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Contentious Activism and Inter-Korean Relations$
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Danielle Chubb

Print publication date: 2014

Print ISBN-13: 9780231161367

Published to Columbia Scholarship Online: November 2015

DOI: 10.7312/columbia/9780231161367.001.0001

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South Korea in Transition, 1987–1997

South Korea in Transition, 1987–1997

Chapter:
(p.119) 4 South Korea in Transition, 1987–1997
Source:
Contentious Activism and Inter-Korean Relations
Author(s):

Danielle L. Chubb

Publisher:
Columbia University Press
DOI:10.7312/columbia/9780231161367.003.0004

This chapter discusses South Korean political activism in the years leading up to the North Korean famine. It considers the process through which the radical ideas held by dissident activists leading up to the 1987 uprising were marginalized. Most former activists who sought to continue their nongovernmental, political careers through the 1990s and into the 2000s transitioned into a set of civil society organizations that focused on a new series of concerns more relevant to a democratizing South Korea. A breakaway group of activists also turned their backs on their radical left-wing agendas and championed a North Korean human rights agenda that has remained largely on the fringes of mainstream discourse in South Korea to this day. The chapter first outlines the dominant discourses against which political activists aligned themselves. The state’s attitude toward North Korea and issues of unification, human rights, and democracy is extrapolated here, drawing on key speeches made by Presidents Roh Tae Woo (1998–1992) and Kim Young Sam (1992–1997).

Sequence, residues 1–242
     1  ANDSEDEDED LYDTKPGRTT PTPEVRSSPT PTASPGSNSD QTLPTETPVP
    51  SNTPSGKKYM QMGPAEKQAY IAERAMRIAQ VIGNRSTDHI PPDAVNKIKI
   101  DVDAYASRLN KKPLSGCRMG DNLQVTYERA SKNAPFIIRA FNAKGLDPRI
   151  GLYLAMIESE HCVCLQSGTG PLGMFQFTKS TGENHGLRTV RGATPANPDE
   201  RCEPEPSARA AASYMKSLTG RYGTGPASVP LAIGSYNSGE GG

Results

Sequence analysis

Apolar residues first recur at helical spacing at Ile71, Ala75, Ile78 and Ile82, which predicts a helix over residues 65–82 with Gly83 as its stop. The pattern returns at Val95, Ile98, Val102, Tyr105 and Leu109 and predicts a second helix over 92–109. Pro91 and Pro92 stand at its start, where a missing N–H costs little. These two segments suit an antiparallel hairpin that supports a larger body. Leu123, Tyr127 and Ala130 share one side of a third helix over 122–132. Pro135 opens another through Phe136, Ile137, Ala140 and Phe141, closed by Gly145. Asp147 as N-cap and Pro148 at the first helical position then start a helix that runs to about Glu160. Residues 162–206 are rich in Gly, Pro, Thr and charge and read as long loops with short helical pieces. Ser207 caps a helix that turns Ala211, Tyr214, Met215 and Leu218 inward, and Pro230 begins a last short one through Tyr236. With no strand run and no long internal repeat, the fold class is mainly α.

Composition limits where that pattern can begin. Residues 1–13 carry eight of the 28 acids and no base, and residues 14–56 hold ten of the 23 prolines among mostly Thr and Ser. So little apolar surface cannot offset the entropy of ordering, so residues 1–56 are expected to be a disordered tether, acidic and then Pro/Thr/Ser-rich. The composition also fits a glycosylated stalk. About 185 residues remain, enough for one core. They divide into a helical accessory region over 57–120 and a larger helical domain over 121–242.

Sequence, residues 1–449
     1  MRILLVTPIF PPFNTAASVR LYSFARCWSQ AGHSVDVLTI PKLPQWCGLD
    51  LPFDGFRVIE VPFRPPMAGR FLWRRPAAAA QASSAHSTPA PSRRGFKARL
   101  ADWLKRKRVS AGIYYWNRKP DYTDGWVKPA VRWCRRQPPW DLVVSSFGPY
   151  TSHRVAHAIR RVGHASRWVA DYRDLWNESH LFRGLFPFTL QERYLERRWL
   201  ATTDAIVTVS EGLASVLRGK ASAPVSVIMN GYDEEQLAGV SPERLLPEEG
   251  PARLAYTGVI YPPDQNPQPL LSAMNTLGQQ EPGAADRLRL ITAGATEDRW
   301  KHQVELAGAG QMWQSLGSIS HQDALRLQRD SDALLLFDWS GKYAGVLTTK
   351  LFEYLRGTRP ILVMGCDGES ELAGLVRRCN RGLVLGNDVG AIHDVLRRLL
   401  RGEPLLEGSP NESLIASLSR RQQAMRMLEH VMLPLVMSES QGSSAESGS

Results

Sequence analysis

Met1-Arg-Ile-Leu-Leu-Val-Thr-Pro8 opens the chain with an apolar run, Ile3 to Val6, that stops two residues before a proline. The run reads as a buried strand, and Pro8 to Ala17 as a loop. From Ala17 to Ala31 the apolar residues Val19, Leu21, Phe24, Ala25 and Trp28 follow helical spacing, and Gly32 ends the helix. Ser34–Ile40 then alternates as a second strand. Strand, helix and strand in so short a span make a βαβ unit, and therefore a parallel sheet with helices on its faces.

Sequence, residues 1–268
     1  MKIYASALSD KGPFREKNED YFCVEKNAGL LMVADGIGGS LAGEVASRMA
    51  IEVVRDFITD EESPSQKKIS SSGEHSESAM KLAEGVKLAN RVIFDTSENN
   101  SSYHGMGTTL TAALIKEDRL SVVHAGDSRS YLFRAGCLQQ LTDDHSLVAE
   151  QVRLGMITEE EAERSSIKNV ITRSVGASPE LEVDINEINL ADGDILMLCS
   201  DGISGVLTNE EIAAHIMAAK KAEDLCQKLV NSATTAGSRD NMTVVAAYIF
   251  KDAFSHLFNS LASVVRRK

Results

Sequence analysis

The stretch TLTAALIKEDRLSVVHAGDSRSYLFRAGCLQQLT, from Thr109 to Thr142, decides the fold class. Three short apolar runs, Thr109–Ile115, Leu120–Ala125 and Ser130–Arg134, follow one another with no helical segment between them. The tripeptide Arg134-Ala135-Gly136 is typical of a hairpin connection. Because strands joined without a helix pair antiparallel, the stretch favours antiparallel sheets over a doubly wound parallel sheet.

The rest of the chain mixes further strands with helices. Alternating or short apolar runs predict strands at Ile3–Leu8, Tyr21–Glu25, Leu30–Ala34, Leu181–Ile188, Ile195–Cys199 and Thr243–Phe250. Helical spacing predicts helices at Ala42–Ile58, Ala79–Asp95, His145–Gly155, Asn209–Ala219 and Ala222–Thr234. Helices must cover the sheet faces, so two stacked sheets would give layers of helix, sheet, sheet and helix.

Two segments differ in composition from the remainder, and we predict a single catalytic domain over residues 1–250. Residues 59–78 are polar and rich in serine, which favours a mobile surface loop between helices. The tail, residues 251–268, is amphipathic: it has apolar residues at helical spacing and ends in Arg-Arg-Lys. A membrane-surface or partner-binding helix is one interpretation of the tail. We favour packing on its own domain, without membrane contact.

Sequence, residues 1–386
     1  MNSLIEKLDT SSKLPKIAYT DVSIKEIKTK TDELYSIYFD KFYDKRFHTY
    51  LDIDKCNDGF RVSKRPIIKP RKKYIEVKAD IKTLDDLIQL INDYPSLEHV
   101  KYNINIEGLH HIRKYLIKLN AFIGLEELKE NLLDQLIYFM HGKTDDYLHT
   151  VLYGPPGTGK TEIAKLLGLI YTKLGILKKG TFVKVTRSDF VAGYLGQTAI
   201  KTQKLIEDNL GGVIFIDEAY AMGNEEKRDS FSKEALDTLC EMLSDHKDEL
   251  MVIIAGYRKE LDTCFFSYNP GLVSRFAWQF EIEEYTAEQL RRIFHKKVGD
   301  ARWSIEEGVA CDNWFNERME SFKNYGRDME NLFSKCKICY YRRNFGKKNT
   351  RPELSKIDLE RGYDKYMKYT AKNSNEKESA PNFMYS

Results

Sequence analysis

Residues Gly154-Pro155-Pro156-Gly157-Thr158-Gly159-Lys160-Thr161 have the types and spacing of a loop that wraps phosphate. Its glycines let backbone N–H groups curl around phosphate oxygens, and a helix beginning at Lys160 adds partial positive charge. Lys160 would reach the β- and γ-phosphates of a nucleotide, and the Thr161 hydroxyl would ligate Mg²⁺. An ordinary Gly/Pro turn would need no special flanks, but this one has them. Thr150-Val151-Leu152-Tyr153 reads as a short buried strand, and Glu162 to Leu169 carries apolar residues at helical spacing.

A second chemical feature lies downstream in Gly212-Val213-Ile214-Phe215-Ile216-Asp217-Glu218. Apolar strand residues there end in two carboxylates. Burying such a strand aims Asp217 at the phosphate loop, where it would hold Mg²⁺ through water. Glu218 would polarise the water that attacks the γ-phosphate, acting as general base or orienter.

Keywords:   South Korea, North Korea, famine, political activism, inter-Korean relations, human rights, unification, democracy, civil society organizations

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